A nutrition professor at the University of Rhode Island has found that chewing sugar-free gum could perhaps assist in lessening calorie intake and increasing energy expenditure.
During the study, approximately 35 male and female subjects were observed to have made two visits to the URI Energy Metabolism Lab after having fasted over night. During one visit, they seemed to have chewed gum for nearly 20 minutes before consuming a breakfast shake and twice more during the three hours before lunch.
Moreover, during both visits, participants were observed to have remained complete motionless since measurements were conducted of their resting metabolism rates and blood glucose levels at regular intervals before and after breakfast and lunch. In addition, the participants appear to have conducted periodic self-assessments of their feelings of hunger, energy and other factors during both visits.
For the purpose of examining the effects of chewing sugar-free gum on weight management, the study professor was believed to have compared gum chewing to non-gum chewing in healthy adult volunteers who came to her lab for nearly two standardized tests in random order.
According to Kathleen Melanson, nerves inside the muscles of the jaw could be stimulated by the motion of chewing. Further, the nerves appear to send signals to the appetite section of the brain that is linked to satiety, which may elucidate why the act of chewing might help to reduce hunger. Additionally, she anticipated that chewing may raise the amount of energy her subjects expended.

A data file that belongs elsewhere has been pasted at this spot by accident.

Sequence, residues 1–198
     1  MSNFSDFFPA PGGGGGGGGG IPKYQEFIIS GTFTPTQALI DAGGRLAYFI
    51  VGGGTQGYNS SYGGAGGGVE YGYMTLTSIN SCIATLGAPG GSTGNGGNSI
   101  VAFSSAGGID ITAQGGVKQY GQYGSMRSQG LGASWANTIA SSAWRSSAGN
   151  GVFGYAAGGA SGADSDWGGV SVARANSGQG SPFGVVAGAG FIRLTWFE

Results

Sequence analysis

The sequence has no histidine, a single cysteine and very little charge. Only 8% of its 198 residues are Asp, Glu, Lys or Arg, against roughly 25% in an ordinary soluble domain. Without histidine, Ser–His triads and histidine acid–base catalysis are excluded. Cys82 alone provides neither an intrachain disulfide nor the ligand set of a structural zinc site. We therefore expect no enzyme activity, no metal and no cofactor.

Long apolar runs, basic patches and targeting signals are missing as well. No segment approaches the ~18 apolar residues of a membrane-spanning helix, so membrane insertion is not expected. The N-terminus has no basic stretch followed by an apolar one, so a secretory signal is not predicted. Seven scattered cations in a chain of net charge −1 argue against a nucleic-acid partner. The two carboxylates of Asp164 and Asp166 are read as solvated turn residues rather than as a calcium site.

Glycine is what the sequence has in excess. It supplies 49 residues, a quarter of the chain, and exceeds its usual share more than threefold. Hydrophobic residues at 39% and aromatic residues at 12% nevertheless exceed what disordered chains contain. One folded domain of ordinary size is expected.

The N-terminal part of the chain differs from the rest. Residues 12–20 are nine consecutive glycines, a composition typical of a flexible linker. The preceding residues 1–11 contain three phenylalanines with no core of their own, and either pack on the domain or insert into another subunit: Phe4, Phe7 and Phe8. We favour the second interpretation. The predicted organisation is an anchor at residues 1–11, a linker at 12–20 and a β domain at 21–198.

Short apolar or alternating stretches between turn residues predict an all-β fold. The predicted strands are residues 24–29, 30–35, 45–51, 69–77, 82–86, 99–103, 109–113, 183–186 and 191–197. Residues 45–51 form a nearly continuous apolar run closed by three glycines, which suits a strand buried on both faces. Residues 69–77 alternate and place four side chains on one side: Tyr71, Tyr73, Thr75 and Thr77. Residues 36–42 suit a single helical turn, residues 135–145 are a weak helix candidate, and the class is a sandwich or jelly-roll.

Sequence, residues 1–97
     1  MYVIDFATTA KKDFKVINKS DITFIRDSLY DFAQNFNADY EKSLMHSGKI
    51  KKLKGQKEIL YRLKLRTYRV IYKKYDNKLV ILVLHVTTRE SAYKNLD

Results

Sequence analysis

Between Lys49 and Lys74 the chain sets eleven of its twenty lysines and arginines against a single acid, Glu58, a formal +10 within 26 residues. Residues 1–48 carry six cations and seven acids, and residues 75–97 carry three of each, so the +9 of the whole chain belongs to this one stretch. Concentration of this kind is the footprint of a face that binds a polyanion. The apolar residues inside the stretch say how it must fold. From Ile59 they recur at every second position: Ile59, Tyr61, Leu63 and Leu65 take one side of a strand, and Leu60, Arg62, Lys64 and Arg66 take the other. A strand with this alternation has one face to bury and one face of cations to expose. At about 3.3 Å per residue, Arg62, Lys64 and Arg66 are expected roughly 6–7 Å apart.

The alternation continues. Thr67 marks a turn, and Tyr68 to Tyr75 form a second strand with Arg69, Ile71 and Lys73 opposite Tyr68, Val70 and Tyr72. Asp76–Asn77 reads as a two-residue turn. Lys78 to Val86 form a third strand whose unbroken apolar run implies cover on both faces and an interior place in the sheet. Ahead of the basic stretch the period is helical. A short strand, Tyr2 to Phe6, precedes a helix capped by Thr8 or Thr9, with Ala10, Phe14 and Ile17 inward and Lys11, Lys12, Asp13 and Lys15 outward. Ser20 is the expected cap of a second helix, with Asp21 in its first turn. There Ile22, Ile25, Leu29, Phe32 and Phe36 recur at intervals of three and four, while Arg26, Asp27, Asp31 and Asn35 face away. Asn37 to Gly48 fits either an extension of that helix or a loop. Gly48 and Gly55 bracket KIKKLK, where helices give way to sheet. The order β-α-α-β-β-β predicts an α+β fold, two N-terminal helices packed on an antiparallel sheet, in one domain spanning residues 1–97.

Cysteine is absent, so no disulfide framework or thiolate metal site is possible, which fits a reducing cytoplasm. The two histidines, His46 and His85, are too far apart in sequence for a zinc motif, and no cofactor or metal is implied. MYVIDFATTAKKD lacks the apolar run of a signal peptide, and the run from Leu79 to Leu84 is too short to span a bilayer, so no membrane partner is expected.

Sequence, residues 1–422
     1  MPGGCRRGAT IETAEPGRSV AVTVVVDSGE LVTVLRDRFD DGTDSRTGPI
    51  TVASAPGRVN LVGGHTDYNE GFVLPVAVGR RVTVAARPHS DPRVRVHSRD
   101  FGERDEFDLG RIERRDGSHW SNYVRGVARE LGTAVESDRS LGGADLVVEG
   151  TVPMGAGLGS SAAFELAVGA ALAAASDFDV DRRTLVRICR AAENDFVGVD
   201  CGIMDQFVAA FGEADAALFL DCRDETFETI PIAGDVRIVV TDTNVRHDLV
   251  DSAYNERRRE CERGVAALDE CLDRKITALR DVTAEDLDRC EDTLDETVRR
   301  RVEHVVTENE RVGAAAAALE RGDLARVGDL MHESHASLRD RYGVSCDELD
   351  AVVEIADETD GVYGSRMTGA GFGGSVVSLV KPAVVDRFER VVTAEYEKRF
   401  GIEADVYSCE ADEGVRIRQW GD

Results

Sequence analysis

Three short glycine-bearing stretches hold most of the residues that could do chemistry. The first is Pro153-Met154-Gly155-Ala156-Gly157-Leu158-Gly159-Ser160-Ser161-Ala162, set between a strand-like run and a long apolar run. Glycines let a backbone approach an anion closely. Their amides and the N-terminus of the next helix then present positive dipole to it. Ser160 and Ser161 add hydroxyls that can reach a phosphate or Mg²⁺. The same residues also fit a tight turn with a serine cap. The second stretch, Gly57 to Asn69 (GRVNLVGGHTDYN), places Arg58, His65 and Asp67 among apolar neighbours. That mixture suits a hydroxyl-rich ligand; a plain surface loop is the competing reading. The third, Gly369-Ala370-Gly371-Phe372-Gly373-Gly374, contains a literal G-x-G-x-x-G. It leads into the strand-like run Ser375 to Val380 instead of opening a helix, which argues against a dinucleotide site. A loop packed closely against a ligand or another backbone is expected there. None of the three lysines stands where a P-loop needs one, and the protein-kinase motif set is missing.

“However, what makes the energy expenditure data particularly interesting is that this study simulated real-life gum chewing, with the subjects chewing at their own relaxed, natural pace and for realistic time periods,” says Kathleen Melanson, University of Rhode Island associate professor of nutrition and food sciences.
The findings of the study revealed that when the subjects chewed gum for a total of one hour in the morning i.e. three 20-minute gum-chewing sessions, they seemed to have consumed approximately 67 fewer calories at lunch and did not compensate by eating extra afterwards. Furthermore, male participants appeared to have reported feeling considerably less hungry after chewing gum.
“Based on these results, gum chewing integrates energy expenditure and energy intake, and that’s what energy balance is about,” continues Melanson.
The findings also revealed that when the subjects chewed gum before and after eating, they may have finished about 5 percent more energy as compared to when they did not chew gum. Also, the subjects seem to have stated feeling more energetic after chewing gum.
Melanson claimed that this was a short term study, so the subsequent step may require a longer study and to use subjects who need to lose weight. However, based on these initial results, one could put forward that gum chewing may be a useful addition to a weight management program.
The findings of the study have been presented during the 2007 annual meeting of The Obesity Society.